Despite the backlash from foreign media on the mentioned news, most media outlets worldwide tend to forget the state of contraception advertising in their own country. According to an article in SIECUS report from 1985, "in the U.S., all national broadcast networks refuse to accept ads for contraceptive products." The situation is a bit different today, with more relaxed policies in media outlets and on the internet. For example, as stated in Facebook Advertising Policy, you can market contraceptives if the ads "focus on the contraceptive features of the product."
The same goes for most countries in Europe. The U.K.'s Advertising Standards Authority (ASA) approves every ad that's not "excessively explicit about sexual activity." They state in their Advice online page that "ads for condom accessories such as massage mousse and 'orgasmic gel,' which made claims such as "Let's hear you scream" and "Make some noise for the boys," were considered acceptable because they were not sexually explicit."
Swedish contraception brand went even further and illustrated how a woman could react to a pregnancy test. It gives a realistic depiction of what can happen, which, from a marketing perspective, isn't always profitable, but provides full transparency on the topic.
Nevertheless, even with all the liberal laws out there, health and wellness products still face a ban on promoting contraception for pleasure. As every piece of content that gets published, contraception advertisement should have balance. The Swedish and the U.K. examples point out the necessity of contraceptive product advertising worldwide.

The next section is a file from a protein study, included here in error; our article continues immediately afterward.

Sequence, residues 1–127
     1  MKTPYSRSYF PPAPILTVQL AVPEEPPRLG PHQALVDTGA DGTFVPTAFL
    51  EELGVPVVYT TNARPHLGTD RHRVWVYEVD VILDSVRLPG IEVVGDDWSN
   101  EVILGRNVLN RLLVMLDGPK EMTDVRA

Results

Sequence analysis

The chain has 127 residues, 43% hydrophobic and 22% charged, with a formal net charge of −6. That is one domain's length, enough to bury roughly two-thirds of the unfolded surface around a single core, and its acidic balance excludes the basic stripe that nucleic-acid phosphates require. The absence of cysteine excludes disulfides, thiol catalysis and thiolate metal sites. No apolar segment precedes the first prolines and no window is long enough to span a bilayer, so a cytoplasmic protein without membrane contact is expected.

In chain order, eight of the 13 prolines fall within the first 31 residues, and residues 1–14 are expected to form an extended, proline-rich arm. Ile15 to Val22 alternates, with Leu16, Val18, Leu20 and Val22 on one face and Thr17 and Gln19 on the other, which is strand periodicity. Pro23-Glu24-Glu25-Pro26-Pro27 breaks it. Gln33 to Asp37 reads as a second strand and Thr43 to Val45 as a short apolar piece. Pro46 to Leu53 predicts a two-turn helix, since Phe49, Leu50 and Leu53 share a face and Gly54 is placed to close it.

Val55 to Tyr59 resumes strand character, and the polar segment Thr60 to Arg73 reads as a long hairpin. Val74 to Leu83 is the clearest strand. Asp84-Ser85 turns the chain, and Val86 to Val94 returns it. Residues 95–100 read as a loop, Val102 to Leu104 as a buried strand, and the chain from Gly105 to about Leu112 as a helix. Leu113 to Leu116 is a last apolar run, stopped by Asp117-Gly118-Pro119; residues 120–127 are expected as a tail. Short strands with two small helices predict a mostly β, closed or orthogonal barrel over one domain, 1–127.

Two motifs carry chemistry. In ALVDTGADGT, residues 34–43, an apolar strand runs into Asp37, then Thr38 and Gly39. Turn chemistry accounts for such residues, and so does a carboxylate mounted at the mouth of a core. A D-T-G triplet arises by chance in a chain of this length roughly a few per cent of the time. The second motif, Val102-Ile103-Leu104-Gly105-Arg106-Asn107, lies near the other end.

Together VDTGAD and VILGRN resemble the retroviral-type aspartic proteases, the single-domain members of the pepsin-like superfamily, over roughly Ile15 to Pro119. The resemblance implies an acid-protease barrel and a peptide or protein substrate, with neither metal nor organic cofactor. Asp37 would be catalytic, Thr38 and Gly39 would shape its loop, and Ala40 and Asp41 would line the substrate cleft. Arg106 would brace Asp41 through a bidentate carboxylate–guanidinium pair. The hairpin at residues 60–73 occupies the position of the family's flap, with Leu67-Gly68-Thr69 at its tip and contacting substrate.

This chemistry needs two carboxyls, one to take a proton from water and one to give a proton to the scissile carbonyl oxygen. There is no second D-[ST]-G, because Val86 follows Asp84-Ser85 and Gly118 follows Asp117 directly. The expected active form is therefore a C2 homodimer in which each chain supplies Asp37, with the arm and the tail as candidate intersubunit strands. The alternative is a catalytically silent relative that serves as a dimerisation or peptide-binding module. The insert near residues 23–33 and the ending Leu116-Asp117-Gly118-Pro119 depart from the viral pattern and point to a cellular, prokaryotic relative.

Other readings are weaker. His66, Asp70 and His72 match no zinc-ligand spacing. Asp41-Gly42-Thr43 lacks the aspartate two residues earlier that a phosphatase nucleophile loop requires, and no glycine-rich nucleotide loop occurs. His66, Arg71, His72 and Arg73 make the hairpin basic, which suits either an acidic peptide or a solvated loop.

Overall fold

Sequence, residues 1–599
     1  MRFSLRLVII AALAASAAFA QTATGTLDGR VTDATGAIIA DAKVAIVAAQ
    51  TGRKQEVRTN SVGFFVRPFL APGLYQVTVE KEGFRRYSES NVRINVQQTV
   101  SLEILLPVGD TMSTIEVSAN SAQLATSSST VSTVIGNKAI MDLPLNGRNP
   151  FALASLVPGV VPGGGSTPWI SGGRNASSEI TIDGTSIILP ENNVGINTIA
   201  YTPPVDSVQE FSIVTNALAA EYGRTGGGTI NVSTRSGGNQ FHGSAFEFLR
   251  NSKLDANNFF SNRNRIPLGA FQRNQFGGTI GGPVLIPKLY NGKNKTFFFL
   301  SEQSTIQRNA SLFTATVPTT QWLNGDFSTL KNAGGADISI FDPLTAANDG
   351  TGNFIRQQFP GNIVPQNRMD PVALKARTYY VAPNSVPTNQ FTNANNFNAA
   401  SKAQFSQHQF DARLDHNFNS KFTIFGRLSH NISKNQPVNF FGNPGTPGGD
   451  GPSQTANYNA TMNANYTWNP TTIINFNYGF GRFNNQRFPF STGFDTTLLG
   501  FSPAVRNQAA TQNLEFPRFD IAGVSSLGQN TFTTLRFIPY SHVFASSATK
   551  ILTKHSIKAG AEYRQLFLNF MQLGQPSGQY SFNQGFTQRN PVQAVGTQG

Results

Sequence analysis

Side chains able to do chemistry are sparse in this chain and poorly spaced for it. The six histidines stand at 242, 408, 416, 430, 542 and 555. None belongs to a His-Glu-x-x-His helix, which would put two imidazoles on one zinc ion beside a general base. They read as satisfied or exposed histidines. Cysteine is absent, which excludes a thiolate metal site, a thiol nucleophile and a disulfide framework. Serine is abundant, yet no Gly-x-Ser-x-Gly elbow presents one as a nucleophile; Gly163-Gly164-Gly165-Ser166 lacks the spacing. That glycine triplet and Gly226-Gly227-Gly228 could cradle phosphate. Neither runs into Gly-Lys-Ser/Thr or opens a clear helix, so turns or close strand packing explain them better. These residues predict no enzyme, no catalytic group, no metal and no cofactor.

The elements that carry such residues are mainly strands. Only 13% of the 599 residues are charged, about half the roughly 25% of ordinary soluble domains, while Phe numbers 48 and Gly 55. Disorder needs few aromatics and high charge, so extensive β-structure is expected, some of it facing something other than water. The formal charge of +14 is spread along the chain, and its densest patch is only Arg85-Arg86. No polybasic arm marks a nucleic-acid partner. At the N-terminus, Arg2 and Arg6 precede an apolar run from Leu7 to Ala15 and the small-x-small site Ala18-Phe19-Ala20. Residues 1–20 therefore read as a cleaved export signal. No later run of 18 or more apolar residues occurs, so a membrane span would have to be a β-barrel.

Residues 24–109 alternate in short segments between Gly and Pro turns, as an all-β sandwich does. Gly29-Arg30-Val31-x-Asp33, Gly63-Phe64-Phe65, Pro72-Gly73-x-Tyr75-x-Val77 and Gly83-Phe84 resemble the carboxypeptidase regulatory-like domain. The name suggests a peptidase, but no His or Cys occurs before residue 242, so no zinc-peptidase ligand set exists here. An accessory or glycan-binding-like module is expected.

Why It Is Essential to Advertise Contraceptive Methods
Advertising has enormous effects on our thinking and our awareness of specific issues in society.
When the information comes directly from the media, it becomes less taboo, and people are more open to discussing it. The media has the power to communicate the knowledge and attitudes about contraception so that people would search less about sex from unreliable sources (among peers or online).
Early-risk sexual behaviors are often a reflection of the need to experiment, explore our changes, and the feelings that occur when entering puberty. However, these behaviors can have detrimental short- and long-term consequences such as sexually transmitted infections, unplanned pregnancies, and so forth.
Untreated sexually transmitted infections can lead to long-lasting consequences and various health complications. Some of these diseases can have implications on our fertility, that is, cause difficult conception and risky pregnancy. Some studies show that teenage pregnancies are higher where there's less sexual health content in the education system and the media.
It is necessary to inform people about the contraceptive choices they have and how to care about their sexual and reproductive health from reliable sources. By advertising, we can significantly reduce the number of sexually transmitted infections, unplanned pregnancies, or other unintended consequences of sexual intercourse. It is crucial, especially for young people, to know how to stay healthy and safe once they enter their reproductive age.
Lastly, features of contraceptive products are essential for the user. Nonetheless, more significant is to encourage contraception use globally. By explaining all the pleasurable benefits that contraception might have, people would want to use it more. The one-dimensional rules of contraception advertising would then change and raise awareness of the subject all the while saving people's health.